Wednesday, September 19, 2012


Marah are a band I have followed for years, and I found this post interesting. Marah are a country-rock band from Philadelphia who have become known for their intense live performances.

I've got a few You Tube clips at the bottom for you to check out, and I'll post part two tomorrow.


Peoples! We here in "Marahland" have begun a new recording process. Our current efforts are aimed at culminating in two very different, original, stand alone LP's.

Way back in about 2001 I remember vividly a night I spent out in Philadelphia with our old Marah comrade Mike "Slo Mo" Brenner. We were in a bar called Bob & Barbara's getting drunk on beer cans and listening to Nate Wiley and The Crowd Pleasers (a brilliant live organ trio) and Mike was telling me about something called "pro tools". He had used it a few days before at a recording session and he seemed genuinely blown away with what seemed like the machine's endless potential....moving snare drum hits, dragging Xerox copies of cowbells around....wha?....5 minutes later protools took over the Earth. It was everywhere. There was soon no alternative. Some studio owners could be reluctantly convinced ($) to let you cut your music (or at least your bass and drums) on their antiquated tape machines but you had to beg them, and even that would quickly be "dumped" into the Protools computer and that was that. You couldn't fight it. We couldn't.

Working as we had done for our first two records (albeit with a super talented young engineer/producer called Paul Smith), Marah recorded its music the old fashioned way, had to. We bought reels of tape and bottles of rubbing alcohol, we had razor blades and Q-tips.

The process was fun, it was creative, experimental and most of all it was exciting. I remember things like holding your breath while the wheels spun in FF to save a song that accidentally got wound on in the wrong direction. I remember lots of stuff...shit getting accidentally erased, fuck it, cut it again...recording backwards organs, hanging microphones out windows, hanging speakers out windows and running microphone cables out into the street on hot July nights in South Philly. On the beginning of our first album "Lets Cut The Crap..." the whole band was playing under the horn section of "Fever" but that wouldn't do, so we all had to hold down mute buttons on the the horns began alone, it was majestic...not yet...not yet...wait for it...the castanettes...BANG! High fucking five.

Nostalgia can destroy you if you let it. I know that now. You can never go home again either. I struggle with that everyday. Making a record every two years as I have done since I was very young I guess I have every right to feel a little cheated by the old ways changing. I've tried to roll with the punches and move with the times but ya know what? I can't do it anymore. I feel lost. I'd rather work at Walmart then make another album on someone's fucking laptop. 

Photo: Lee "Scratch" Perry at work in Jamaica

When we came back from a Spanish Tour last October, we moved our big, beautiful Studer 8 track 1 inch tape machine to NYC for repair/alignment. Then we pulled the damn protools out of our joint, boxed it up and packed it away with the Christmas shit. We replaced it with several carefully considered 1/4 inch reel to reel tape machines. We drove to Walmart and bought rubbing alcohol and razor blades. I blew right by the job application rack on our way back out into the cold.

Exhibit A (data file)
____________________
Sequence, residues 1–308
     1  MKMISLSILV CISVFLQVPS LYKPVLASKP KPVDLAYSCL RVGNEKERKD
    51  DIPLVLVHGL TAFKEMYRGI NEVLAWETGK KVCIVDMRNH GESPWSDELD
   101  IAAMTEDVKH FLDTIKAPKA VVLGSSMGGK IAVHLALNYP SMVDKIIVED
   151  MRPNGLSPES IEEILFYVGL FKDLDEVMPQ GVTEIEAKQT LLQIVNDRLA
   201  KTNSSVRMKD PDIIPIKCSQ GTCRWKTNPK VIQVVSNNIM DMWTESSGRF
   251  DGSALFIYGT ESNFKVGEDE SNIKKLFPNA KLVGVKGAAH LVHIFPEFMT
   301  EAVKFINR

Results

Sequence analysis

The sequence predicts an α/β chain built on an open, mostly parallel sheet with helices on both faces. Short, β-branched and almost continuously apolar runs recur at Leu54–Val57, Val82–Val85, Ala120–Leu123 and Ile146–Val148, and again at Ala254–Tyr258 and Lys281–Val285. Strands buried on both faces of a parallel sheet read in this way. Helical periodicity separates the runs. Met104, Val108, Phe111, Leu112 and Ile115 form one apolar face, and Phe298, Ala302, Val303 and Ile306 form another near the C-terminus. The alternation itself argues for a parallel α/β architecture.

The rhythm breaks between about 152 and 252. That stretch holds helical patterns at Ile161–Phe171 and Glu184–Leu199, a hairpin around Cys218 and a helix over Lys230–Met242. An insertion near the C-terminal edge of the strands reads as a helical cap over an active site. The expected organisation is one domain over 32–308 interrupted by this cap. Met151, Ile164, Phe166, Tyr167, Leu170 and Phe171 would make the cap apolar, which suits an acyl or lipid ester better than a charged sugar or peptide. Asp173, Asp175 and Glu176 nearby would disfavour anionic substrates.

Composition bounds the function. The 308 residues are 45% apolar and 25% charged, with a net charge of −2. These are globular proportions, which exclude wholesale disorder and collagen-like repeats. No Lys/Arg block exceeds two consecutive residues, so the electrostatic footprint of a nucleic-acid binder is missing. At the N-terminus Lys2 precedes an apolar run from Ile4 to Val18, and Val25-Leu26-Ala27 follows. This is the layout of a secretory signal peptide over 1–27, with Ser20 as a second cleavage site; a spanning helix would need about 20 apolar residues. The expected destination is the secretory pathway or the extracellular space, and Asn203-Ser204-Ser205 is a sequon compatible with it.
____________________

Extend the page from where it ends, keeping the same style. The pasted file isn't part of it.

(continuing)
Now we're recording the new songs that have appeared around here over the last year or so. This will be our next "proper" record. We are also hard at work on a record called "Mountain Minstrelsy". It's something I've been trying to make happen since before we recorded "Life is Problem". We got it now. It's pretty and spooky and country and damn near academic in its way. I can't wait to tell you more about it over the next few weeks.

Anyway, if the subject of recording music still interests you, I urge you to click on the YouTube link above. It's a 5 minute clip of Lee "Scratch" Perry at work in Studio Black Ark in Jamaica. Lee & Co. are regular, talented, poor people making amazing shit happen in a mid-seventies, impoverished city. Lee is recording cool songs on very basic equipment - the TEAC 3340s 4 track tape recorder and a less than desirable mixer desk. He has a tape echo and a few average microphones. Mostly he has an enormous soul, some good pot and the desperate need to succeed at something in life. Something out of nothing.

Blah, blah, blah....this was written mainly for my own sake, to organize my thoughts and remember what the hell we are trying to do around here...anyway, hope you didn't find it too obnoxious. I'm going out into the woods now.

Anybody wanna buy a laptop?

D. Bielanko


Wed 10/10: Baltimore, MD - TBA



  1. That was great! I am also reluctant to give in to the convenience of technology. Reels and rubbing alcohol and Q-tips sound much more romantic (although I have no idea where Q-tips come into the equation).

  2. Jenny-

    The alcohol and Q tips help get the tape unstuck (you may not be old enough to remember casettes being "eaten" by a car player)

    I posted this out of interest, but my usual diatribe relates to iPods and digital-only consumption of music.

    I am amazed at how many households do not have a proper component stereo system.

    I love the technology for the portability, but when I am home I listen to music on a decent setup and I can hear what I miss on the iPod.


  3. Jenny-

    Had I read your recent post before responding to your comment, I would have known that you probably have, in fact, suffered the pain of having your favorite mix tape eaten by your car player!